Kerry himself has been a victim of the muddled White House messaging as much as a perpetrator, however. On Tuesday morning, he told a House panel that the administration didn't want Congress to delay a vote on legislation authorizing the use of force against Syria. Less than 12 hours later, Obama told the nation that he was doing just that, flatly contradicting his own secretary of state.

Republican Representative Peter King of Michigan said the administration had sold its Syria policy "horribly" and badly botched its overall messaging and lobbying efforts.

"The mixed messages of drawing a line in the sand and when it became time to pull the trigger to walk it back and then going to Sweden and saying it's not his red line and having Kerry say the strike would be 'unbelievably small,' was a disaster," he said.

King said the White House seemed to be aware of those shortcomings.  During a recent closed-door meeting, King recalled, White House Chief of Staff Denis McDonough "acknowledged that the message didn't work."

Caitlin Hayden, a White House spokeswoman, declined to comment on King's recollection of the meeting.  She said the current diplomatic maneuvering only came about because of the administration's threat to use force against Assad.

"Syria and Russia heard the message loud and clear that the president is serious about the prospect of taking military action to hold the regime responsible," she said.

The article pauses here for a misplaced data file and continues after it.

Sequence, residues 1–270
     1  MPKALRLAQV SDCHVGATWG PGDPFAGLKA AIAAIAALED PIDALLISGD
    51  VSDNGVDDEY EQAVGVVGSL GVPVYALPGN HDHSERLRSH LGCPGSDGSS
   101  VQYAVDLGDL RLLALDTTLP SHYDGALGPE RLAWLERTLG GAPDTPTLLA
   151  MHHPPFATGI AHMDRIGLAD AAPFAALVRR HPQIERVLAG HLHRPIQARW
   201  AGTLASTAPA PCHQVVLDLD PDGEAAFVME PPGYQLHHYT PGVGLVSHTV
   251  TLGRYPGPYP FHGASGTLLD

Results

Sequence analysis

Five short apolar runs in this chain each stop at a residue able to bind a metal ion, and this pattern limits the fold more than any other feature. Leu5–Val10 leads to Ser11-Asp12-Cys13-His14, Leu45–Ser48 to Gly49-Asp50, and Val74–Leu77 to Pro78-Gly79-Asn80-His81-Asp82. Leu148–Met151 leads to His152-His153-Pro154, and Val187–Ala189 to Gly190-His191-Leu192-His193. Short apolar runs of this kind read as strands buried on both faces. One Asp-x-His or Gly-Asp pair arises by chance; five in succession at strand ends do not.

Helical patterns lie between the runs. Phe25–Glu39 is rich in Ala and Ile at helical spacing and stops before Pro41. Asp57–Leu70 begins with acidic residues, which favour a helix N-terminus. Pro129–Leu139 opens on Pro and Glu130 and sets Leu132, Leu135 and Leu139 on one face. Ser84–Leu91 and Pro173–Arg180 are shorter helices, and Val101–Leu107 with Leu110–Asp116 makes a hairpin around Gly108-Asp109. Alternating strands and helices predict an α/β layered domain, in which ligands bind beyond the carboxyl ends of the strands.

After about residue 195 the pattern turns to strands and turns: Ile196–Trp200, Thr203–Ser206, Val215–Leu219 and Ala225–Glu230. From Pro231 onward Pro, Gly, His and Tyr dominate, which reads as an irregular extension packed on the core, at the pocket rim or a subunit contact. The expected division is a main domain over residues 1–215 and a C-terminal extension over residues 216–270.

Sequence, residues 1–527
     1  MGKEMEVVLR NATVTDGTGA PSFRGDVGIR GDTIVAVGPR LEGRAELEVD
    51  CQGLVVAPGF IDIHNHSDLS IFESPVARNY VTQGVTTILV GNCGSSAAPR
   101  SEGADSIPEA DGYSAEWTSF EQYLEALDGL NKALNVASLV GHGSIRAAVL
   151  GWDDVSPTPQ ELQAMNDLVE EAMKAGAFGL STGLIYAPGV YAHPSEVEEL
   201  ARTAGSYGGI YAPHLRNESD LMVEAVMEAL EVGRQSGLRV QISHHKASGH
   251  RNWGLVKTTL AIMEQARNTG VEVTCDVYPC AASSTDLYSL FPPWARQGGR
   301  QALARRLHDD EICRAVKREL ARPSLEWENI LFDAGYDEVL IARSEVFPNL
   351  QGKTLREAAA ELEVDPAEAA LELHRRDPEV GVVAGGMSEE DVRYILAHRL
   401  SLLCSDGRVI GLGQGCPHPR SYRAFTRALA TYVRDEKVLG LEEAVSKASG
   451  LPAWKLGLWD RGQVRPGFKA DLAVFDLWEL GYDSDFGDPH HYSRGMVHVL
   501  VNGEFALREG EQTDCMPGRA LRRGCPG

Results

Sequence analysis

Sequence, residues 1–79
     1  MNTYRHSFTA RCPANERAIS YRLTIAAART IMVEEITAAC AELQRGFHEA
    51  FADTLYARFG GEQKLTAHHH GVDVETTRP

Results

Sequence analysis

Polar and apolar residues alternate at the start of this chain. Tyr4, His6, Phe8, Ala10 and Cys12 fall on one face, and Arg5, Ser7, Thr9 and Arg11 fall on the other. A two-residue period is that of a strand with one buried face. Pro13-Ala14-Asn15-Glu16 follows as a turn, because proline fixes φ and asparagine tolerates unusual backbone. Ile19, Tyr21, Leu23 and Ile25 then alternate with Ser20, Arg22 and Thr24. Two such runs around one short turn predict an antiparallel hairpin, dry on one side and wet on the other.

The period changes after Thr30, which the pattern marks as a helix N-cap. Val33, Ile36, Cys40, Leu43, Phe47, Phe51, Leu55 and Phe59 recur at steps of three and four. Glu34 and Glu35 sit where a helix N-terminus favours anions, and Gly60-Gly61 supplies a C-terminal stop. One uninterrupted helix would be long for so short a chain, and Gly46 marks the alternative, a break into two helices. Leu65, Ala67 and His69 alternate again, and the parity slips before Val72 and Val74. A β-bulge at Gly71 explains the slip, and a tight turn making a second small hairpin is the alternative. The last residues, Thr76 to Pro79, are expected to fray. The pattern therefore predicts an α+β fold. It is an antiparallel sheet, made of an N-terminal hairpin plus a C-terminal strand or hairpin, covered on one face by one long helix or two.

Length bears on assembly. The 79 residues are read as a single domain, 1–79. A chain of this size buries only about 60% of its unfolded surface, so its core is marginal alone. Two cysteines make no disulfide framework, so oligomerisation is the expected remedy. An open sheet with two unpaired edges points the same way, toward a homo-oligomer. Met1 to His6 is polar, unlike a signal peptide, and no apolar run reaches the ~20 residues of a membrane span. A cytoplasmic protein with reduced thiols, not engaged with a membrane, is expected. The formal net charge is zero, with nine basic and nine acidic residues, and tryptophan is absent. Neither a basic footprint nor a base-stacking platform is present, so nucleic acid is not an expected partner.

If Levin is right, however, Damascus and Moscow may have been hearing different messages altogether.

Take the words of Tony Blinken, long one of Vice President Joe Biden's closest aides.   Blinken told NPR last week that Obama had no "intention" of striking Syria without Congressional approval even though the president believed he could do so unilaterally. The comment was widely interpreted as a sign that the administration wasn't fully committed to using force against Assad if Congress said no. Obama tried to walk back Blinken's comment a few hours later, but Levin suggested that the move was too late to prevent observers from concluding that Obama was waffling on a potential Syria strike and wasn't serious about his threats of carrying one out.

"I don't that was particularly helpful," Levin said, echoing his critique of Kerry - and really, of the entire administration. 

JIM WATSON/AFP/GettyImages

The Cable

Congress Privately Thrilled There's No Syria Vote

It's Congress's most solemn duty -- and scores of lawmakers don't want anything to do with it.

On Tuesday night, President Obama postponed a Congressional vote to authorize a U.S. military strike in Syria, preventing well over 100 undecided lawmakers in the House and Senate from having to declare a position publicly in the next two weeks. For scores of Republicans and Democrats troubled by the optics of voting yea or nay, the delay was a godsend.